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13 pages, 1741 KiB  
Article
Oxoglutarate Carrier Inhibition Reduced Melanoma Growth and Invasion by Reducing ATP Production
by Jae-Seon Lee, Jiwon Choi, Seon-Hyeong Lee, Joon Hee Kang, Ji Sun Ha, Hee Yeon Kim, Hyonchol Jang, Jong In Yook and Soo-Youl Kim
Pharmaceutics 2020, 12(11), 1128; https://doi.org/10.3390/pharmaceutics12111128 - 23 Nov 2020
Cited by 5 | Viewed by 2229
Abstract
Recent findings indicate that (a) mitochondria in proliferating cancer cells are functional, (b) cancer cells use more oxygen than normal cells for oxidative phosphorylation, and (c) cancer cells critically rely on cytosolic NADH transported into mitochondria via the malate-aspartate shuttle (MAS) for ATP [...] Read more.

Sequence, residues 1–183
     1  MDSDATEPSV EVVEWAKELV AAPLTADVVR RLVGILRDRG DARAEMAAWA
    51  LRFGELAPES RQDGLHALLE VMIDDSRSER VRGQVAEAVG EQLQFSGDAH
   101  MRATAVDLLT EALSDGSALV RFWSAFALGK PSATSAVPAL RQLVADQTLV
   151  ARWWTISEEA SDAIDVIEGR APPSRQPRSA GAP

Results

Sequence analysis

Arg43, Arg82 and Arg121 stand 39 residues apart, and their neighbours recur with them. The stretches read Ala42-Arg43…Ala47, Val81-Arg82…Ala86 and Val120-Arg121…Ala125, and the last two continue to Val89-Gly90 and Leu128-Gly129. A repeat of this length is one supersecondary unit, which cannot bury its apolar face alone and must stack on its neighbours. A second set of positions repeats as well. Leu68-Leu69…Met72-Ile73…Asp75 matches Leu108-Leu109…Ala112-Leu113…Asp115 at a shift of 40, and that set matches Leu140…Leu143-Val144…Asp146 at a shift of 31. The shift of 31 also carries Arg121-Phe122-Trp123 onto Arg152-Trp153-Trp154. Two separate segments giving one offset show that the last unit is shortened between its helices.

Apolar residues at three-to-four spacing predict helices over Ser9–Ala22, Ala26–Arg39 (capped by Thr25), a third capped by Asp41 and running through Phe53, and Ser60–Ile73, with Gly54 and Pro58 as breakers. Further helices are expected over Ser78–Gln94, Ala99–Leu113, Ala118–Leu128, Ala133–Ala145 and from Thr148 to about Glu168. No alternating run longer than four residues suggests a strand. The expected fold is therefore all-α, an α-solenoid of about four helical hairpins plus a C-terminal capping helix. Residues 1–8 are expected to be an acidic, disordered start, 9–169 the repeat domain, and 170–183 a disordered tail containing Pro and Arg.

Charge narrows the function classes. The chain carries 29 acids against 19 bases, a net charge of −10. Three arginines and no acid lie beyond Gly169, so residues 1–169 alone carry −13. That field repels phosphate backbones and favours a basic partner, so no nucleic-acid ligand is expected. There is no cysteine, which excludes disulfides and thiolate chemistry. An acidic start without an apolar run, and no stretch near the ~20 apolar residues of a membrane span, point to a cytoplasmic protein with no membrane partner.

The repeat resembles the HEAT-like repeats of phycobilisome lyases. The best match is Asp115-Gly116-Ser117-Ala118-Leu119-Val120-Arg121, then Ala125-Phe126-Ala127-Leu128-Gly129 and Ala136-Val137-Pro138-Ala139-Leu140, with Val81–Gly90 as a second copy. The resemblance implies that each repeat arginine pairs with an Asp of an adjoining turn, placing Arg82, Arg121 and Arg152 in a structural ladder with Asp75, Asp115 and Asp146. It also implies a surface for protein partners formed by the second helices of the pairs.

Recent findings indicate that (a) mitochondria in proliferating cancer cells are functional, (b) cancer cells use more oxygen than normal cells for oxidative phosphorylation, and (c) cancer cells critically rely on cytosolic NADH transported into mitochondria via the malate-aspartate shuttle (MAS) for ATP production. In a spontaneous lung cancer model, tumor growth was reduced by 50% in heterozygous oxoglutarate carrier (OGC) knock-out mice compared with wild-type counterparts. To determine the mechanism through which OGC promotes tumor growth, the effects of the OGC inhibitor N-phenylmaleimide (NPM) on mitochondrial activity, oxygen consumption, and ATP production were evaluated in melanoma cell lines. NPM suppressed oxygen consumption and decreased ATP production in melanoma cells in a dose-dependent manner. NPM also reduced the proliferation of melanoma cells. To test the effects of NPM on tumor growth and metastasis in vivo, NPM was administered in a human melanoma xenograft model. NPM reduced tumor growth by approximately 50% and reduced melanoma invasion by 70% at a dose of 20 mg/kg. Therefore, blocking OGC activity may be a useful approach for cancer therapy. Full article